Magazine cutoffs were a staple of some 19th/20th Century military rifles. They were to be used in single shot mode, with the magazine in reserve, till some wise officer ordered them released, and then to be used as repeaters.
This modification apparently is not for rifles alone, as Webley automatic pistols have this feature as well, no doubt mandated by some government agency. The system works with the magazine, which has an extra locking hole, where the magazine is not inserted all the way and locked in the second hole, keeping the bullets held in reserve and out of battery. The slide doesn't use the magazine to lock open after firing, and the shooter has but to drop another round in that big .455 hole and continue shooting. If repeating operation is desired, the catch is pushed and the magazine shoved home.
The feature does seem odd in a pistol, but it is simple and it works. The commercial pistols seem to have this cutoff also. The original idea of a magazine cutoff was an officer controlling the behavior of his troop of men. In the British Army, there were few men who weren't officers and carried pistols. Very confusing. At the time cutoffs were in vogue, the idea had some merit, as the British Army was usually a long way from home, really outnumbered, and every cartridge had to be carted the whole way on someone's back.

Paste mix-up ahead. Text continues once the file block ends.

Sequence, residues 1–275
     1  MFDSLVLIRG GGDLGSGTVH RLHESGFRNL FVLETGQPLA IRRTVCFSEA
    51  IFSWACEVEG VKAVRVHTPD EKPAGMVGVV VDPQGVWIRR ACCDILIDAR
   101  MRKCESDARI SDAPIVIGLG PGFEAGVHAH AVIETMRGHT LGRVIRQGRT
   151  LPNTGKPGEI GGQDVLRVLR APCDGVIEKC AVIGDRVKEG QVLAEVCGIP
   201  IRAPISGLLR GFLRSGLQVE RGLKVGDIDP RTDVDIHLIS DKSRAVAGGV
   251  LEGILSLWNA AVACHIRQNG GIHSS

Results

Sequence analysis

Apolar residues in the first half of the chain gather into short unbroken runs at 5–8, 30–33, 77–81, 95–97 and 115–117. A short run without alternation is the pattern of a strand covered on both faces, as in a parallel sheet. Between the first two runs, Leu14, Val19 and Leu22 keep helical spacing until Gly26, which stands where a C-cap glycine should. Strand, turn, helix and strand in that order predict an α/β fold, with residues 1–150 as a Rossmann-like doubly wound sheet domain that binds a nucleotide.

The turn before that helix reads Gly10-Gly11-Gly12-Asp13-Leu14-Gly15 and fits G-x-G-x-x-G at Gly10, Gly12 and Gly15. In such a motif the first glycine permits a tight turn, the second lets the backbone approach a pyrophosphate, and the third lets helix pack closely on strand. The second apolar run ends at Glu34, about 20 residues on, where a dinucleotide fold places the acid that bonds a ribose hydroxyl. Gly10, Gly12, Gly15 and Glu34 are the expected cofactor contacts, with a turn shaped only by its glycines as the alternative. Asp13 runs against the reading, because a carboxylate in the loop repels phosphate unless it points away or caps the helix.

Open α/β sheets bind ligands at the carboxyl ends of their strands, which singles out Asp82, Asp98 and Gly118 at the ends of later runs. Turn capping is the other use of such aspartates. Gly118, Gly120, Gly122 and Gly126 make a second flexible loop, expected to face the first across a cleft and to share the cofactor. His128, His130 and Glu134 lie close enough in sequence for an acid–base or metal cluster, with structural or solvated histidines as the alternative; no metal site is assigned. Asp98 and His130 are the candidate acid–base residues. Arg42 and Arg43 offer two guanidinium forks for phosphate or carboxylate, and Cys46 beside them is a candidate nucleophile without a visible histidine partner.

My friend Roy Shadbolt kindly sent these pictures of his .455 Webley pistol showing the magazine cutoff details.